“Well it’s just a lot of fun. A real mixed bag of nuts. It’s a fun night. I tell my story, sing some songs and I think everybody will have a good time. That’s how it came about. I grew up in New Orleans and after Hurricane Katrina there were a lot of fund raising events and charities taking place and I was asked if I would put together a one man show as a benefit for displaced actors and musicians after Katrina. I put this together and it went really well. I have kept doing it and morphing it and it has kept growing and growing and growing. I’ve done a run in New York recently and now I’m doing it in Australia! I am so excited. There’s no rhyme or reason to it, just get your ticket and get on the rollercoaster. It’s going to be fun. It’s not studious at all, ‘I will now sing the unknown songs of Cole Porter’ (laughs). Cole Porter was brilliant and I do one of his songs in the show, but when I go to cabaret I want to have fun. And that’s what I am all about.”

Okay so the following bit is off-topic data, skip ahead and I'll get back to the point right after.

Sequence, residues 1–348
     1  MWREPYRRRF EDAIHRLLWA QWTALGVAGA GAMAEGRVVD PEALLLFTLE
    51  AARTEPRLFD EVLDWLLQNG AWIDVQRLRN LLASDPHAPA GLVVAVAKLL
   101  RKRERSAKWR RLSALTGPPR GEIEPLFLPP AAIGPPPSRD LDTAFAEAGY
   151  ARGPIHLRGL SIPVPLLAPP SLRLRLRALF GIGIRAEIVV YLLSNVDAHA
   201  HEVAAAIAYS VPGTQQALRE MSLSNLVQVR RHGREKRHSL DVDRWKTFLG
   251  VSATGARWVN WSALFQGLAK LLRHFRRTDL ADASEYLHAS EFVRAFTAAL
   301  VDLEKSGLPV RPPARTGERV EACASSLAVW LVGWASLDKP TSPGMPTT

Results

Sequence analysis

So apart from appearing on TV, in Broadway shows and now a one man cabaret show Bryan is also an author of a book She Ain’t Heavy She’s My Mother. He runs an interior design company with his partner Tom Cianfichi with whom another book on home design will be released later this year.
My philosophy in life is that everything should be an ‘and’ proposition, not an ‘or’ proposition. If you want to change your job, or try something new, just do it. We shouldn’t limit ourselves; other people will try and do that anyway. If you have a passion or longing to do something else – do it. Life isn’t a dress rehearsal. That attitude took me to Broadway, TV and now to Australia. I just can’t wait to get on a plane and take that 18 hour flight to Adelaide. I am so excited. I have never been to Australia and it’s been one of my dreams to visit Australia. My grandparents went there when I was a kid and they loved it there and would talk about it all the time. It has always seemed a magical place to me and I can’t wait to get there.”
Bryan Batt’s Batt on a Hot Tin Roof plays on the Festival Theatre Stage from Wednesday June 22 to Friday June 24.
Ian Bell 2011